How Are Controlled Groups Handled Under the ACA?
The core principle of the Affordable Care Act is the clause that enacts a tax on companies who fail to offer affordable healthcare plans to their employees. Specifically, these companies are defined as Applicable Large Employers (ALEs), who employ 50 or more people on a full-time basis.
It’s relatively simple to determine if a company should offer healthcare plans to its employees, since it’s fairly straightforward to see if there are 50 or more full-time employees. However, this process might not be as simple for an organization’s subsidiaries, sister companies, and companies in which they might have a controlling financial interest. In ACA parlance, these smaller companies are termed “controlled groups”.
What Defines a Company as a Controlled Group?
A company is defined as a controlled group when it matches one of three sets of criteria; however, as with all things concerning the ACA, this can be highly circumstantial and subject to exceptions.
- Parent-subsidiary controlled groups are the “classic” style of controlled groups, wherein the smaller company is owned by a parent company through stock ownership or direct control
- Brother-sister controlled groups are groups of two or more companies that are subsequently owned by five or fewer co-parent companies.
- Combined groups are perhaps the trickiest groups to identify and define. Each member of a combined group is a company that qualifies as a controlled group according to either of the above-defined criteria.
What do Controlled Groups Mean for ACA Compliance?
In general, employees of companies in controlled groups are eligible to receive an offer of a healthcare plan if they qualify as a full-time employee. The IRS tends to view all organizations with subsidiary relationships as a single company, regardless of the degree to which parent or sister companies control the actions and policies of their subsidiaries.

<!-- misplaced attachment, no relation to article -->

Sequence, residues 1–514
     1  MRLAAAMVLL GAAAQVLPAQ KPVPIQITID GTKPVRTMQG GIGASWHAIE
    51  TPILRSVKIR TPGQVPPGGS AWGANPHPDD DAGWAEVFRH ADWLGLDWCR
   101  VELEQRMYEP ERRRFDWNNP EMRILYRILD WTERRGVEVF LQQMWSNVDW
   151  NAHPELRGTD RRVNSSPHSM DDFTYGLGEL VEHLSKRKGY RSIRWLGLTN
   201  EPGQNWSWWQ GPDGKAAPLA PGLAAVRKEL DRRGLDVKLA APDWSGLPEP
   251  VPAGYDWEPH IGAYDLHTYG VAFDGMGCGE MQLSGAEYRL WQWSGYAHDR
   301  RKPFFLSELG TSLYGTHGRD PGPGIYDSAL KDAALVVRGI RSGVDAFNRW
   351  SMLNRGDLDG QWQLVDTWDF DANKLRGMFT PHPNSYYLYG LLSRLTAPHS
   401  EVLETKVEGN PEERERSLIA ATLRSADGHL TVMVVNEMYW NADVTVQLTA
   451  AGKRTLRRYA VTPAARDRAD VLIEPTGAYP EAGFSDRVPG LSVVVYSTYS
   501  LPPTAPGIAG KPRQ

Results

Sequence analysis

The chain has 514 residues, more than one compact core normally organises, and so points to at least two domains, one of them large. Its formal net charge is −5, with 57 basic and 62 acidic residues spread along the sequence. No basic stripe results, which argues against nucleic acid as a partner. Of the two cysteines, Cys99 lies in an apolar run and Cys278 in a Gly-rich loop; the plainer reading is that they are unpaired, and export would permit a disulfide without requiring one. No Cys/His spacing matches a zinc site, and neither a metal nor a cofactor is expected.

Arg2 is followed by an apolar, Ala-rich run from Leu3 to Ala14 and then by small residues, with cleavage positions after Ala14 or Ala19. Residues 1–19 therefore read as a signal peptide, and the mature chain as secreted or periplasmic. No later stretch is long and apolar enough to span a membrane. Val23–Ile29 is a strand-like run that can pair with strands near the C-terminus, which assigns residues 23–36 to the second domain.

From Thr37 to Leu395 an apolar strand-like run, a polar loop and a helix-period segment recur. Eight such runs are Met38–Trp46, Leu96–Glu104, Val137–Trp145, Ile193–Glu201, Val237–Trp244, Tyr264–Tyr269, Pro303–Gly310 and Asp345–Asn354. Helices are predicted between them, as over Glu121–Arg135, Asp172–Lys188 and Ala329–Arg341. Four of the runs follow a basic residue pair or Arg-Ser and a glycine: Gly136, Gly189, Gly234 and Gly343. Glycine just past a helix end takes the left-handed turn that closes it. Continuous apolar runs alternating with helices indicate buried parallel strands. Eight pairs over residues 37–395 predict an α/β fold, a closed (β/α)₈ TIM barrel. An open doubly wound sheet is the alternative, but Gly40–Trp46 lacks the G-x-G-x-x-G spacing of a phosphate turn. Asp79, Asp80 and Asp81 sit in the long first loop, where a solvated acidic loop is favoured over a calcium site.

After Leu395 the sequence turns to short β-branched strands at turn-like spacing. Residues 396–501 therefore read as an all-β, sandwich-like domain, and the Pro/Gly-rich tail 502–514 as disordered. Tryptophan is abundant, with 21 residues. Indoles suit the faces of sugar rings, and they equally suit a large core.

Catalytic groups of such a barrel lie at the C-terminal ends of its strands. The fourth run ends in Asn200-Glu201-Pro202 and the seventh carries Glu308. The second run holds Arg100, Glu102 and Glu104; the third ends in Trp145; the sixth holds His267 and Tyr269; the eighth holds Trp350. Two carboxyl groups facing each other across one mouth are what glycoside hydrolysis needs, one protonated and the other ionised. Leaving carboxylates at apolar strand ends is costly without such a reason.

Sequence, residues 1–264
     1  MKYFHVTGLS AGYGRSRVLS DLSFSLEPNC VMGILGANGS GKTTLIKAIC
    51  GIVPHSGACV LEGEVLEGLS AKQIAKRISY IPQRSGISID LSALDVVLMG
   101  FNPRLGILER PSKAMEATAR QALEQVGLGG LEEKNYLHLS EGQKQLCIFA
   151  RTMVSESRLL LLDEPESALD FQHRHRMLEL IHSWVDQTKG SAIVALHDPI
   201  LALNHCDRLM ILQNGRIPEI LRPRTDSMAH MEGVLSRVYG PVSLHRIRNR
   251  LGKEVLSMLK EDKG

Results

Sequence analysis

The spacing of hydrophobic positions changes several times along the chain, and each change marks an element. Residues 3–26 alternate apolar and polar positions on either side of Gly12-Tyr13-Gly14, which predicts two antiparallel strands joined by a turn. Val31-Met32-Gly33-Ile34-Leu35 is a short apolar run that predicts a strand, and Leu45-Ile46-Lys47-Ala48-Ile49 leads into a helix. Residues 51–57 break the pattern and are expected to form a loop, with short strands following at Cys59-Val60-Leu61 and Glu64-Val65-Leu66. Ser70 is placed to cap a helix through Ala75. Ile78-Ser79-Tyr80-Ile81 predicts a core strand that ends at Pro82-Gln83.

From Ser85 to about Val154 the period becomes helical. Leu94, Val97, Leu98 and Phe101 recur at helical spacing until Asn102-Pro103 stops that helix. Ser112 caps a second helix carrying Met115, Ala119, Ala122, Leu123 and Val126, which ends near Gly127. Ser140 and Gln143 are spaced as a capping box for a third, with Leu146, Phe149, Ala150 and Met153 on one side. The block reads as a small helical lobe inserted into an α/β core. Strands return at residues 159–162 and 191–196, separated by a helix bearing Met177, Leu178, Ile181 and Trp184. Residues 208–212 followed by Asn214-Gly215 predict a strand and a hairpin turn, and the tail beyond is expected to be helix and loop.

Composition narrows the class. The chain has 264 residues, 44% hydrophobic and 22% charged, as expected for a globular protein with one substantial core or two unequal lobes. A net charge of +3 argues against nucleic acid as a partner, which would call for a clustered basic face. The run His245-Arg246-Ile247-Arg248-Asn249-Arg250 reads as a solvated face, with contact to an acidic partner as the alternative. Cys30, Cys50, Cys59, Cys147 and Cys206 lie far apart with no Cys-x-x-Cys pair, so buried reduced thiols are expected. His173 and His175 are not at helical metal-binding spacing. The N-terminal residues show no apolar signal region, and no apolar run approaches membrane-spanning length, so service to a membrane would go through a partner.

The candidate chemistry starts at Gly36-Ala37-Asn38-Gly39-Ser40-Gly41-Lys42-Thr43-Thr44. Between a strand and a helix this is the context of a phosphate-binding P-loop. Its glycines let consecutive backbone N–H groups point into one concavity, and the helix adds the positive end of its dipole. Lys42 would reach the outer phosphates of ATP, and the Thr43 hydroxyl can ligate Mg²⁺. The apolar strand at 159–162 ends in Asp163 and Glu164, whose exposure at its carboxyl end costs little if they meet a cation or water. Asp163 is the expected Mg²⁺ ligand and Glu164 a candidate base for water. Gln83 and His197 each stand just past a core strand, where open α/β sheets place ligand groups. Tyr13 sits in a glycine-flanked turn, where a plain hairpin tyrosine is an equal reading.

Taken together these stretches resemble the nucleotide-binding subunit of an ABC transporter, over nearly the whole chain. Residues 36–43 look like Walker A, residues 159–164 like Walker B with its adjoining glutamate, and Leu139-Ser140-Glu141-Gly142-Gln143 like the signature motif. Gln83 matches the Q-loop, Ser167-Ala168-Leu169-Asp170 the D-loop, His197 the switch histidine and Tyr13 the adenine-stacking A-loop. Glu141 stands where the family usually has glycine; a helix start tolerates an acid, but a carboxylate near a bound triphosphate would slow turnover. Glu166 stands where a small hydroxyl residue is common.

As stated before, any ALE with more than 50 full-time employees is obliged to offer healthcare plans to all eligible employees. Thus, it’s very likely that any given parent company will be expected to provide healthcare to its employees, or face the usual “pay or play” taxes as mandated by the ACA.
Are My Subsidiary Companies Considered Controlled Groups?
It can be very difficult to determine if a subsidiary company is a controlled group under the law; however, if your company exerts any kind of majority ownership of a company’s stock, then it is likely that the latter company will be considered a controlled group under the law.
Due to the threat of IRS penalties for not being fully ACA-compliant, it’s highly advisable to have your legal and accounting teams review how your ownership of subsidiary companies is structured to see if it’s necessary to offer healthcare plans to eligible full-time employees.
The complexity of the situation means that healthcare plans are just the beginning of achieving compliance; in practice, there may be many more regulations and requirements that must be considered in order to fully attain ACA compliance and thus avoid heavy penalties from the IRS and Department of Labor.
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Categorized in: ACA